Standard Industry Fare Level
The Airline Deregulation Act of 1978 (ADA), Public Law 95-504, substantially amended the Federal Aviation Act of 1958, setting both deadlines and policies for the economic deregulation of interstate and overseas (domestic) air transportation. Among other things, the ADA significantly limited the Civil Aeronautics Board's (CAB) discretion to prescribe domestic fare levels. The CAB had to establish a "Standard Industry Fare Level" (SIFL), based upon fares in effect on July 1, 1979. The CAB was to periodically update the SIFL by the percentage change in airline operating cost per available seat-mile. Once established, the SIFL was the standard against which a statutory zone of reasonableness was to be measured.
While the SIFL theoretically was to apply to all fare classes offered on July 1, 1977, in practice the SIFL has been applied to only the unrestricted coach fare. Except for matching certain lower intra-state carrier fares in California, Florida, and Texas, and separate (lower) intra-Alaska/ Hawaii, and mainland-Puerto Rico/Alaska/Hawaii fare setting entities, in 1977 all carriers were required by the CAB to have an unrestricted coach fare based upon the CAB's prescribed Domestic Passenger Fare Investigation (DPFI) distance-based formula rate in markets that they served. After the passage of the ADA, the Board, using its discretionary authority, increased the maximum that could be charged in the intra-state markets to the DPFI level, and significantly increased the flexibility above the SIFL ceiling granted by the ADA for all markets. The CAB's authority over passenger fares terminated January 1, 1983.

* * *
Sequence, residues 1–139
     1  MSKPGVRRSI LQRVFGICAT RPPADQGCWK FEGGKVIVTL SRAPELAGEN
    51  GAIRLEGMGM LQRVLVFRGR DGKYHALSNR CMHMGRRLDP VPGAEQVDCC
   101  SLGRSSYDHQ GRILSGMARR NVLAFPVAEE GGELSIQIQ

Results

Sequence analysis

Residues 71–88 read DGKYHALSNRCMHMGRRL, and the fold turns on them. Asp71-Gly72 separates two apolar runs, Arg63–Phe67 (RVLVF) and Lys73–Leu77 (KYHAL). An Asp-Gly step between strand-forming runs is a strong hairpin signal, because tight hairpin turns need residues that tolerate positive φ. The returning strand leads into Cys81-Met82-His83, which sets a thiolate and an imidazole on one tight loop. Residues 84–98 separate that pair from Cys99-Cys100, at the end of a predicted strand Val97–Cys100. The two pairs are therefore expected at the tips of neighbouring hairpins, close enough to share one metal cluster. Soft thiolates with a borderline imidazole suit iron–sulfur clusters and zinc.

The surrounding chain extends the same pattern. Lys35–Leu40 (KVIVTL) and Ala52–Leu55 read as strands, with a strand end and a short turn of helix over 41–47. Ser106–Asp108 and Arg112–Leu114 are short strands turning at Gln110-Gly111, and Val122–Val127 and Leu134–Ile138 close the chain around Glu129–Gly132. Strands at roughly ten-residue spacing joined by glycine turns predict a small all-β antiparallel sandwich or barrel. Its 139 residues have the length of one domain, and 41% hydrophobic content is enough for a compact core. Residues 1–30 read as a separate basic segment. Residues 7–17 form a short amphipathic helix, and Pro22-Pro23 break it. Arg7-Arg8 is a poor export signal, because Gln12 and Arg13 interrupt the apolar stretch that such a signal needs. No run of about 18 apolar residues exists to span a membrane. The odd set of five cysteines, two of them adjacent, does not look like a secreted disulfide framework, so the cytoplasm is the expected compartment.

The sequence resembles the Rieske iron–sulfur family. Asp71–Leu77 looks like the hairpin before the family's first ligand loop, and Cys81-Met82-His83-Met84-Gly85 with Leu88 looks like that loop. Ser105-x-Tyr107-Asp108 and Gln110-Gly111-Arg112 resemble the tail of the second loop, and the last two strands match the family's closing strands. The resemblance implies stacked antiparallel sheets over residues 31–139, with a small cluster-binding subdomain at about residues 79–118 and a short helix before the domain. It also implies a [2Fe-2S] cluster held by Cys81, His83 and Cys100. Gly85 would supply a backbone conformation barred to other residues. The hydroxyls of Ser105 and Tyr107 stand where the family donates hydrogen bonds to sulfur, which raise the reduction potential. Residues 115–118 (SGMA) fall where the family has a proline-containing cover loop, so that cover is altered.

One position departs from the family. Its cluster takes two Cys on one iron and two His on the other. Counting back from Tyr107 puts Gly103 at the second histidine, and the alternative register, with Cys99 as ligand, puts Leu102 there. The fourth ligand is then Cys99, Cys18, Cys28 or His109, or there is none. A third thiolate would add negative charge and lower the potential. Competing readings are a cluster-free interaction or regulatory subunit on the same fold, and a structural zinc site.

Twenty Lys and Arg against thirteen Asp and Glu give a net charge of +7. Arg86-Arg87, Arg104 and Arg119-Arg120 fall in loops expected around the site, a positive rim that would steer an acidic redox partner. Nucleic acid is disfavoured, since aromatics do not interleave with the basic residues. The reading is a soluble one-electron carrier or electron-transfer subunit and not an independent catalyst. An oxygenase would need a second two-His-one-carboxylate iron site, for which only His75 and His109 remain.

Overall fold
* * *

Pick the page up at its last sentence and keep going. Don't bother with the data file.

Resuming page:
- COVID-19 Global Health Emergency Impact on SIFL
- Methodology for Determining Change in Operating Expense (Attach. A)
- Fare Formulas 1979 - Present (Attach. B)
- Fuel and Nonfuel Costs and Annual Yields (Attach. C)
How SIFL is Determined
In determining the change in airline operating cost per available seat-mile, total operating costs are separated into fuel and non-fuel components. Non-fuel costs are divided by the available seat-miles for the latest twelve-month period, and compared to similar costs for the preceding twelve months. This annual rate of change is projected to the midpoint of the forecast rate period, now six months, to produce a non-fuel cost per seat-mile at the midpoint of the forecast rate period. Fuel costs, because of their volatility and more frequent reporting, are constructed similarly, but estimated at the midpoint of the forecast rate period based upon the most recent fuel cost data available. The most recent six-month SIFL computation is Attachment A.
The Department of Transportation has continued to calculate the SIFL adjustment factor to aid in its evaluation of carrier pricing in the free market. The SIFL is also used by the Internal Revenue Service in imputing the value of free transportation provided on corporate aircraft.
The SIFL formula from May 15, 1979 foreword is shown above in Attachment B. The separate fuel and non-fuel components of the SIFL are shown and indexed in Attachment C, along with the index of revenue per revenue passenger mile.